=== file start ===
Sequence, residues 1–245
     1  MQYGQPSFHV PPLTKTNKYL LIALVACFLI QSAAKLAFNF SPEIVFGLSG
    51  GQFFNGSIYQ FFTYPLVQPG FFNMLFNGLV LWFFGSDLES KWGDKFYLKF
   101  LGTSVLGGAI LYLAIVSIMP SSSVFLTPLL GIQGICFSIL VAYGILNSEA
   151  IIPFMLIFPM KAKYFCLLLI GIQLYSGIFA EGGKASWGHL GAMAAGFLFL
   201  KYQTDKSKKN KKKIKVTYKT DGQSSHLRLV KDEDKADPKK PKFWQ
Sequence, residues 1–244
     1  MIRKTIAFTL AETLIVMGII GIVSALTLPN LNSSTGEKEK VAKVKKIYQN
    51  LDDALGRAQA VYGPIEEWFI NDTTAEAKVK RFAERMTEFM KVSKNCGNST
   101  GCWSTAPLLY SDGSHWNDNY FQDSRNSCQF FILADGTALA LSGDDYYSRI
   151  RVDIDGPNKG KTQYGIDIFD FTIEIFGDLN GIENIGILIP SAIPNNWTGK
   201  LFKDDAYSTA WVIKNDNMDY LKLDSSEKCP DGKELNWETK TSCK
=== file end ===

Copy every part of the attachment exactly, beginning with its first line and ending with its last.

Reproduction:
Sequence, residues 1–245
     1  MQYGQPSFHV PPLTKTNKYL LIALVACFLI QSAAKLAFNF SPEIVFGLSG
    51  GQFFNGSIYQ FFTYPLVQPG FFNMLFNGLV LWFFGSDLES KWGDKFYLKF
   101  LGTSVLGGAI LYLAIVSIMP SSSVFLTPLL GIQGICFSIL VAYGILNSEA
   151  IIPFMLIFPM KAKYFCLLLI GIQLYSGIFA EGGKASWGHL GAMAAGFLFL
   201  KYQTDKSKKN KKKIKVTYKT DGQSSHLRLV KDEDKADPKK PKFWQ
Sequence, residues 1–244
     1  MIRKTIAFTL AETLIVMGII GIVSALTLPN LNSSTGEKEK VAKVKKIYQN
    51  LDDALGRAQA VYGPIEEWFI NDTTAEAKVK RFAERMTEFM KVSKNCGNST
   101  GCWSTAPLLY SDGSHWNDNY FQDSRNSCQF FILADGTALA LSGDDYYSRI
   151  RVDIDGPNKG KTQYGIDIFD FTIEIFGDLN GIENIGILIP SAIPNNWTGK
   201  LFKDDAYSTA WVIKNDNMDY LKLDSSEKCP DGKELNWETK TSCK